Case Study No. 1 A breeding stock company called to discuss a customer concern. This producer owned a 1,000-sow, single-site, farrow-to-finish farm, built in the 1970s. Finishing pig flow was continuous.
This customer had received complaints from the packer about excess trim from the loin area.
Pigs had an above normal percentage of broken backs and trim loss due to fractures. We considered genetics, spinal abscesses and nutrition.
This farm had a common genetic source with no reports of this nature. The plant had no problems with any of the finished hogs except the fractures.
We also reviewed the entire nutritional program from nursery through finishing. The supplier was well known for good quality control. The mill that manufactured the diets appeared to be doing a good job of processing and putting together a well-mixed ration.
As it turned out, the mill's formulation was in error. The calcium-to-phosphorus ratio in these finishing diets was inverted. The phosphorus level was greater than the calcium. The ratio of calcium to phosphorus and their levels in the diet are both keys to good bone growth.
The diets were corrected and the number of fractures at the plant returned to normal in less than 30 days.
Using a major feed supplier is not enough for quality control. Diet programs, from formulation to feed delivery system, need to be reviewed at least twice per year.
Case Study No. 2 We were called to a 120-sow, farrow-to-finish operation to observe growing pigs. The producer was concerned about the hair and skin condition of pigs in several groups.
Some 2% of the pigs showed thickened skin to the point of scaling off. Possible concerns included greasy pig disease, mange infestation and parakeratosis.
These pigs were much older than typical greasy pig disease cases (less than five weeks of age). The lesions were not particularly irritated, nor itchy as seen with a mange infestation.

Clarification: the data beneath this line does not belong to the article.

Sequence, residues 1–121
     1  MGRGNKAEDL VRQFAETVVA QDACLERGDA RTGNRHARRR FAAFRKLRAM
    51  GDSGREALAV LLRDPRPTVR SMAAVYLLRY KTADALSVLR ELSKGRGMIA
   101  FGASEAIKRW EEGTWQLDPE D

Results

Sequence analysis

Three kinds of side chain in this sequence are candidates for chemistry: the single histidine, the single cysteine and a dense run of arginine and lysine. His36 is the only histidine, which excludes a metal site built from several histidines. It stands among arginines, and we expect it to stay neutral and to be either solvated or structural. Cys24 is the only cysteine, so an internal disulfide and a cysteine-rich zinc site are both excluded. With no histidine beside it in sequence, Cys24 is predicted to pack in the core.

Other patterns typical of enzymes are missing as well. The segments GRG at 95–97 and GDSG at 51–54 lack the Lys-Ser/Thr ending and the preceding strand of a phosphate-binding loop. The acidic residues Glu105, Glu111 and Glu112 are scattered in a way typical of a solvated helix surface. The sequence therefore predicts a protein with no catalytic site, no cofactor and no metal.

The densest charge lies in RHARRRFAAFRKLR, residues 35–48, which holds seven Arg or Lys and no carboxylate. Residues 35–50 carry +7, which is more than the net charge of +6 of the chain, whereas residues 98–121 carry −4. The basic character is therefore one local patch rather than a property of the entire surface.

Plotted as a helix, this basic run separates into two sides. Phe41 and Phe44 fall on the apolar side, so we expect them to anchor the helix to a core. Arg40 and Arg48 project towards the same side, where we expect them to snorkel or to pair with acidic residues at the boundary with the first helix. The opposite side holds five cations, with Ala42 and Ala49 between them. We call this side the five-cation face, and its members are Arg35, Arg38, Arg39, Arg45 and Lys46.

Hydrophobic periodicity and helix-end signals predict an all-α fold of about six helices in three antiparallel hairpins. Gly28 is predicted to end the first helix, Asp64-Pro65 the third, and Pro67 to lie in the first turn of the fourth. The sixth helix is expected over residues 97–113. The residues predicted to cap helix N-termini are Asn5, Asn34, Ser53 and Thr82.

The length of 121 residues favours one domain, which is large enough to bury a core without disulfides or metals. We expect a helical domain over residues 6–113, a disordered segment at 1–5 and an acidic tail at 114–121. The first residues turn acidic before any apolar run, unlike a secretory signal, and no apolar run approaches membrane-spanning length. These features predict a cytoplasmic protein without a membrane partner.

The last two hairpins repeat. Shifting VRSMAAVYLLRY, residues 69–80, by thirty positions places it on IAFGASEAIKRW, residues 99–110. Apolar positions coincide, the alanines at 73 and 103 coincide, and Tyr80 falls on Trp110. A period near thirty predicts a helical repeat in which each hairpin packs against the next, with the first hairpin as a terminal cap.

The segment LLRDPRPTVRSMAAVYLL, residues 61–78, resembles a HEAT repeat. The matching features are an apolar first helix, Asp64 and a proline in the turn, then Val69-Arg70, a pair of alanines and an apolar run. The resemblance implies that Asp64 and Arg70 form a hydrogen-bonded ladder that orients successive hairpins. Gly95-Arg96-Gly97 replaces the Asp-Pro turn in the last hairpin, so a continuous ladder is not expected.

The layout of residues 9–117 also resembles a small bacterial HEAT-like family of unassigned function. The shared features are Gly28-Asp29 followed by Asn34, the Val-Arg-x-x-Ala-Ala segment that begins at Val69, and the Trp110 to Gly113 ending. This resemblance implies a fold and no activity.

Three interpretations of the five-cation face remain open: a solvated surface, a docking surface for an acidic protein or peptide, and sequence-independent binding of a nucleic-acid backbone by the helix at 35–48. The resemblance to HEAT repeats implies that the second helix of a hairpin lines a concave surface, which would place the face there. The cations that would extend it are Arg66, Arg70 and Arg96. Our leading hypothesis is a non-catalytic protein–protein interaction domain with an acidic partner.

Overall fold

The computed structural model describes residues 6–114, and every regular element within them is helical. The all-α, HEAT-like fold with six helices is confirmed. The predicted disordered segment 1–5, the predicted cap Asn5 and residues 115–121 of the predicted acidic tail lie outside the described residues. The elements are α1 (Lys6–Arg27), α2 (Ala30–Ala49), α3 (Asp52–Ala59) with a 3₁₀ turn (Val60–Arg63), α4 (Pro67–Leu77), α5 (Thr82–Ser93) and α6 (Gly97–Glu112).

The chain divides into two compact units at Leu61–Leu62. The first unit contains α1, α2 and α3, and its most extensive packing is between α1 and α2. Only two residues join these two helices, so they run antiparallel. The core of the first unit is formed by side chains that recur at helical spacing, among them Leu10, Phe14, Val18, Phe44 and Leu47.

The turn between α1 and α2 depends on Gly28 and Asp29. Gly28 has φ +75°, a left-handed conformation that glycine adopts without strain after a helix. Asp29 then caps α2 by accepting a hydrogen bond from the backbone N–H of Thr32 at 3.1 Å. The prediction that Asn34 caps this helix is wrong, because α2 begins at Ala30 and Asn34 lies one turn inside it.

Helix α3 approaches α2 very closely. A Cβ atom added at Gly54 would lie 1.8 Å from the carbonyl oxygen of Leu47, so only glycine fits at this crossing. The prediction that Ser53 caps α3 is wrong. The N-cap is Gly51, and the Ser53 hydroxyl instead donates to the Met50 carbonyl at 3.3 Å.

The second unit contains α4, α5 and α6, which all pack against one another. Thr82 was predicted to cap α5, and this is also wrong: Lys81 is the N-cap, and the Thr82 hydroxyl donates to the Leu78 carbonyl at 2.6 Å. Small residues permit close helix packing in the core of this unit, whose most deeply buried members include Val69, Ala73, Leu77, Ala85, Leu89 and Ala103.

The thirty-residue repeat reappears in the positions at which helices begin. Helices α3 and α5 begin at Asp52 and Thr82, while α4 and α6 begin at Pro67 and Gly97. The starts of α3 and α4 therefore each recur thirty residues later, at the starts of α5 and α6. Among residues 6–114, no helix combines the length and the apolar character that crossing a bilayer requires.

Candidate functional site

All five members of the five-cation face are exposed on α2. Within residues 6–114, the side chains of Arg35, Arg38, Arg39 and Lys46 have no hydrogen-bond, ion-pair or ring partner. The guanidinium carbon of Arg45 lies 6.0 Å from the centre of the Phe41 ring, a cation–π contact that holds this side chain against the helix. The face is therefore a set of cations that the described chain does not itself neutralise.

When we looked at the diets for growing and finishing hogs, the farm was using a vitamin and trace mineral premix labeled for most domestic animals.
Parakeratosis is a thickening of the skin in pigs linked to zinc deficiency. Farm diets were extremely low for all trace minerals, including zinc.
Case Study No. 3 This 60-sow, farrow-to-feeder farm housed gestating sows outside. Farrowing was confined. Twenty sows were farrowed per group, averaging 180-200 pigs weaned.
Sudden nursery deaths occurred 5-10 days postweaning. Death loss ranged from 4-10 pigs per group. Postmortem lesions consisted of fibrin in the chest cavity, a "chicken fat clot" around the heart and hemorrhages.
These lesions are typical for mulberry heart disease, seen in rapidly growing nursery pigs. The history is always sudden death with no signs of disease. Mulberry heart disease can be a vitamin E and/or selenium deficient condition or a vitamin E and/or selenium responsive disease.
Deficient diets have inadequate levels for the size of pig being fed. In responsive syndromes, the levels in the diets may be adequate for the nutrient in question but additional nutrients will cause a response.
There is a legal maximum limit for selenium in swine diets; there are suggested levels for vitamin E.
This farm was at the maximum allowable level for selenium and within acceptable limits for vitamin E. All pigs were injected at weaning with vitamin E. Mortality stopped immediately.
Case Study No. 4 This unit was a 200-sow, farrow-to-finish farm on one site. The sows were in crated gestation and the facilities were conventional. The nurseries were deck flooring with fiberglass slats. Sows were farrowed and weaned weekly. The piglets were weaned at 18 days of age.
At about four days postweaning, the piglets developed severe diarrhea that persisted until about day 10. After this scour some piglets fell behind. Mortality rates ranged from 3% to 10%.
Bacteriological cultures showed a pure culture of a beta hemolytic E. coli.
Purge medications in the water were used initially to control the diarrhea. Zinc oxide was added to the first two starter diets to help control the diarrhea. The diarrhea diminished greatly and the purge medication program was discontinued.
Mortality in the nursery now ranges between 0.5% and 3%. It is important to remember that these diets were not deficient in zinc but the hemolytic E. coli responded to this treatment.